6. The league’s scheduling buys them the opportunity to push the season start back a month. Reschedule week 1 games to the week after week 17 (lots of divisional games for the “new” season end), move week 2 games to the bye week that was planned for, and skip week 3 and 4 games all together (no divisional matchups).

  7. The NFL is investigating the impact of playing games with no fans in the stands.
    The Cleveland Browns have been hired at consultants.

  8. IMO the first 4 weeks of the season should have been scheduled against the opposite conference. That way IF the league started late, it would have been fair to all teams. If those 4 games got pushed to the end of the season, it would be mid to late January/February.
    Good luck playing any of those 4 games in Chicago/Cleveland/Pittsburgh/NY x 2/Buffalo/NE/Cincy.

  9. I like the SB played on Presidents Day weekend. Finally a National Holiday the Monday after Super Bowl Sunday.

  10. The need to play the games , I work construction on a Jobsite with 1000 workers building 15 million dollar condos , this is apparently essential work, if we can do it so can an NFL team. if players are sick bring in more players , simple, the country needs something to route for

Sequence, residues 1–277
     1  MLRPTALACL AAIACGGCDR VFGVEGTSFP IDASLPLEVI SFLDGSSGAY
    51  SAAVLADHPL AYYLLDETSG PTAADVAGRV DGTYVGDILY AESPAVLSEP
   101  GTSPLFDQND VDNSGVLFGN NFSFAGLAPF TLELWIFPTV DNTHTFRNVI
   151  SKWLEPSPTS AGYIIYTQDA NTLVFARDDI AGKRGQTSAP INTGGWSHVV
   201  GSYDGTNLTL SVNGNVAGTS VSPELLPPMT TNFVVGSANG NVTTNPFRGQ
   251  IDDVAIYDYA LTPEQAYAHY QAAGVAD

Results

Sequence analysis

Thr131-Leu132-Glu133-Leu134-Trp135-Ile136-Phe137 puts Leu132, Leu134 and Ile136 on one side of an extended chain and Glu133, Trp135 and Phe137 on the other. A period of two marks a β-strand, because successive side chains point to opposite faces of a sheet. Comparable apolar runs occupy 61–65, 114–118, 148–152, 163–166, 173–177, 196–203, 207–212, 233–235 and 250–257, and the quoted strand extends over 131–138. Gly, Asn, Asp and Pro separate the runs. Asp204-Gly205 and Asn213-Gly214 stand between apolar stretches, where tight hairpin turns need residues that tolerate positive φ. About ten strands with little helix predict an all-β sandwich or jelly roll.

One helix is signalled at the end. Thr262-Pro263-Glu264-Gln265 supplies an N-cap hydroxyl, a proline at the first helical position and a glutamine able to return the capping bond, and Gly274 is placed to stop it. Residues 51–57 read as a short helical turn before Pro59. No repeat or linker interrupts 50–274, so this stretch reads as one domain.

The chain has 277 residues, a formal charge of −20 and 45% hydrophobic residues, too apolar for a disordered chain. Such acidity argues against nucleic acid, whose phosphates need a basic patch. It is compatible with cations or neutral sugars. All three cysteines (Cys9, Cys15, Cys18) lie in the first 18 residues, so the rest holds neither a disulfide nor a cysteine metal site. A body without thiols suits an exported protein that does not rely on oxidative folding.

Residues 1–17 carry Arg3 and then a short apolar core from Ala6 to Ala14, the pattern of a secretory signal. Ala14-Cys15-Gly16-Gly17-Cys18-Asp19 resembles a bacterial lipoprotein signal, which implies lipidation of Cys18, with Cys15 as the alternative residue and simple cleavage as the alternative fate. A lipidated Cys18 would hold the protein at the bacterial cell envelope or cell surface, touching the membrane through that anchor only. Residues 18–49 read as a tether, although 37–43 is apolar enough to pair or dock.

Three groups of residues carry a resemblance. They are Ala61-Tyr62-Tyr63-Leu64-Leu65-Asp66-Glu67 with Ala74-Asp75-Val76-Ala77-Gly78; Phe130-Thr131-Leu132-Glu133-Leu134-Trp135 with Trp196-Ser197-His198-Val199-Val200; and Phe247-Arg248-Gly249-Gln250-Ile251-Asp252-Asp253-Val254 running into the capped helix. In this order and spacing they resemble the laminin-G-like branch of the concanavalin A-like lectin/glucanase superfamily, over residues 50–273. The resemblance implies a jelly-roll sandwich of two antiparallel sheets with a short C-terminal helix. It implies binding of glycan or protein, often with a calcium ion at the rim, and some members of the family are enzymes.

11. This will be without a doubt the worst brand of NFL football we have seen since the scab year

  12. NOT AN ACCIDENT.

    The NFL has backup plans on backup plans. For weeks you kept criticizing the league for continuing “business as usual”, but as we see with the schedule, they HAVE thought of multiple contingencies and are prepared.

    They just don’t need to tell you guys UNTIL NECESSARY.

  13. By September there should be no reason for states to have already been open for weeks if not months. The question the lockdown people never can seem to answer is when does the lockdown end? Opening up now will involve spikes in positive tests, but that is going to happen whether it is next week or next year. The virus isn’t going anywhere and if you are under 60 and healthy, you will be fine. This country needs something to bring it together. Football can be that thing. For the sake of the country football needs to find a way to be played, even if it is not with fans.

  14. I swear its almost like PFT doesn’t want the season to happen. I am not one of the people who thinks COVIVD isn’t real, but can we please stop just guessing and see how things play out?

  15. The preseason games may be played without fans, or cancelled.

    All regular season games will be played, on the scheduled dates.

    Most or all states will allow fans at those regular season games.

    By training camp the summer heat will have greatly diminished the virus.

    Heat in the south & west should totally eliminate it there by August.